The current conjugate pneumococcal vaccines, in which capsular polysaccharides are bound to either diphtheria or tetanus toxoid, are immunogenic and efficacious in children and prevent disease caused by the serotypes whose capsule types are in the vaccine (2
). However, as these vaccines do not cover the full spectrum of invasive pneumococcal serotypes, temporal and geographic changes in serotype frequency associated with IPD exist. The pneumococcus is able to replace its capsule type through natural transformation, and children remain at risk of infection by nonvaccine serotypes. Moreover, the possibility of serotype shift, where the nonvaccine serotypes acquire an ecological advantage for increased carriage prevalence and, concomitantly, disease, remains real (8
A possible solution to this problem is either replacement of the carrier toxoid with a conserved and highly antigenic single pneumococcal protein, thus providing serotype-independent protection, or alternatively, if a single antigen is insufficient, creation of a multivalent protein vaccine that eschews the capsular polysaccharide entirely. At this time, it is not clear which approach is best or which pneumococcal protein(s) should be included in any revised vaccine formulations. To address these issues, detailed molecular epidemiology is required to assess the frequency and distribution of various pneumococcal determinants in invasive clinical isolates. This is the first large study analyzing the prevalence of psrP in pneumococcal isolates from children with IPD and healthy nasopharyngeal carriers. The results of our study are in agreement with published data regarding the function of this new pneumococcal virulence factor and provide clues to the forces responsible for the spread of the pathogenicity island encoding PsrP, psrP-secY2A2, among different serotypes and clones.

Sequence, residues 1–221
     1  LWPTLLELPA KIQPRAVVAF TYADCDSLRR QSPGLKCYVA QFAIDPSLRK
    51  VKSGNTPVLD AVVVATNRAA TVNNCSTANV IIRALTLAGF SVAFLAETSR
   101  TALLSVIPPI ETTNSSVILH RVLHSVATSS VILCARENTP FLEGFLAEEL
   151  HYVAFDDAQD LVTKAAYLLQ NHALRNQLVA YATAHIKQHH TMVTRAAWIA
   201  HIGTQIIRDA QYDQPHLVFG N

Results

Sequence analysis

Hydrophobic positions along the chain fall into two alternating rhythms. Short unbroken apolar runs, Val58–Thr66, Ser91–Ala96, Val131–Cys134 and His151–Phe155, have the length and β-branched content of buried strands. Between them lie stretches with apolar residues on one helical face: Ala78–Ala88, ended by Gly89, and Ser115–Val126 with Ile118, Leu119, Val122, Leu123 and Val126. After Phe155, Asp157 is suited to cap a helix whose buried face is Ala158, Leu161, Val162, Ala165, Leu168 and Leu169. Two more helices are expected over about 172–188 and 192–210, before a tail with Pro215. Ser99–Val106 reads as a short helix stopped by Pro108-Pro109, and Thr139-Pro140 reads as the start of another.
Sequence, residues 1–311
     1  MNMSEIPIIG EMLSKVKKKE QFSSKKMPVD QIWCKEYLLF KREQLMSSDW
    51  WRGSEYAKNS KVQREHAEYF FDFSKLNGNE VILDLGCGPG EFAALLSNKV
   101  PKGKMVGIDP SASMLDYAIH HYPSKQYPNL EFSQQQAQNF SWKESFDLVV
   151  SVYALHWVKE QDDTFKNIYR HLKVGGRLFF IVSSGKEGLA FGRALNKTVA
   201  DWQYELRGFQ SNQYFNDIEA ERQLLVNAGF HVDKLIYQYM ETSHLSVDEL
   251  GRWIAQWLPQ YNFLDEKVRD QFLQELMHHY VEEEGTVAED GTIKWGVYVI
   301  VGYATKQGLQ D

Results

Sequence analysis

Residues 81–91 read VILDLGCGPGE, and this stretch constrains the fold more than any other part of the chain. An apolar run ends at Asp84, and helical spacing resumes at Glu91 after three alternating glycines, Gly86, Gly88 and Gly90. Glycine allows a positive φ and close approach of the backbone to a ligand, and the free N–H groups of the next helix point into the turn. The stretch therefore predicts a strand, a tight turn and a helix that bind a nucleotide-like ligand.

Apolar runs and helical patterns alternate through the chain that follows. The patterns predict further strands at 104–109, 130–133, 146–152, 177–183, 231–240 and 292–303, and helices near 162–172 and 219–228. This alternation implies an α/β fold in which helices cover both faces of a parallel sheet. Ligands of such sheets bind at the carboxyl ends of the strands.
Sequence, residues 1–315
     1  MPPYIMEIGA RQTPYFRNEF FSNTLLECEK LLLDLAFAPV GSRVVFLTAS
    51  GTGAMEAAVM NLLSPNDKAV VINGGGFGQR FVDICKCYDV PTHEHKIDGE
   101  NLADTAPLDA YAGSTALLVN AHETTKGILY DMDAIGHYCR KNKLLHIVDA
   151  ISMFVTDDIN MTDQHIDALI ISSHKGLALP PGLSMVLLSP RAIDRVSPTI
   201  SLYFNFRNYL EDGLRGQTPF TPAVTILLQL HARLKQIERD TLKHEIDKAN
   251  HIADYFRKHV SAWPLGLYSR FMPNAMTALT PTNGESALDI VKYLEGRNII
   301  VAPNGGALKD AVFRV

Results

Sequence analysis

The increased frequency of the gene encoding PsrP in clinical isolates from individuals with pneumonia compared with the frequency in those isolated from the nasopharynges of healthy carriers or children with bacteremia is consistent with published findings showing that PsrP is exclusively a lung cell adhesin and that it does not play a role in the nasopharynx during colonization or in the bloodstream in an intraperitoneal model of sepsis. These data also suggest that PsrP alone would protect against only 60% of strains that are capable of causing pneumonia. Thus, these findings indicate that, at best, PsrP could be a single component of a multicomponent vaccine formulation. The inclusion of a second or third protein that protects against bacteremia and whose coverage helps to cover the ~40% of invasive isolates that lack PsrP would be required.
Given that psrP
was found to be predominantly associated with antimicrobial-susceptible isolates, it can be inferred that its inclusion within any vaccine would not serve as a mechanism to decrease the incidence of existing multidrug-resistant pneumococcal isolates. It also suggests that the extensive use of antimicrobials within the community is not responsible for promoting the preponderance of clonotypes that carry psrP
. Counter to the latter view, we have recently shown that PsrP mediates the formation of bacterial aggregates within the lungs and the formation of more dense biofilms in vitro
). As psrP
is predominantly found in antimicrobial-susceptible isolates and bacterial aggregates and biofilms are considered to be more resistant to antimicrobials, it is a distinct possibility that in the absence of a dedicated antimicrobial resistance mechanism, PsrP confers resistance to susceptible isolates in vivo
through enhanced biofilm formation. Thus, antimicrobial pressures may be serving to maintain psrP
within susceptible clonotypes. To test this hypothesis, ongoing experiments are testing the resistance of these PsrP-mediated aggregates to antimicrobials.
When we stratified the incidence of psrP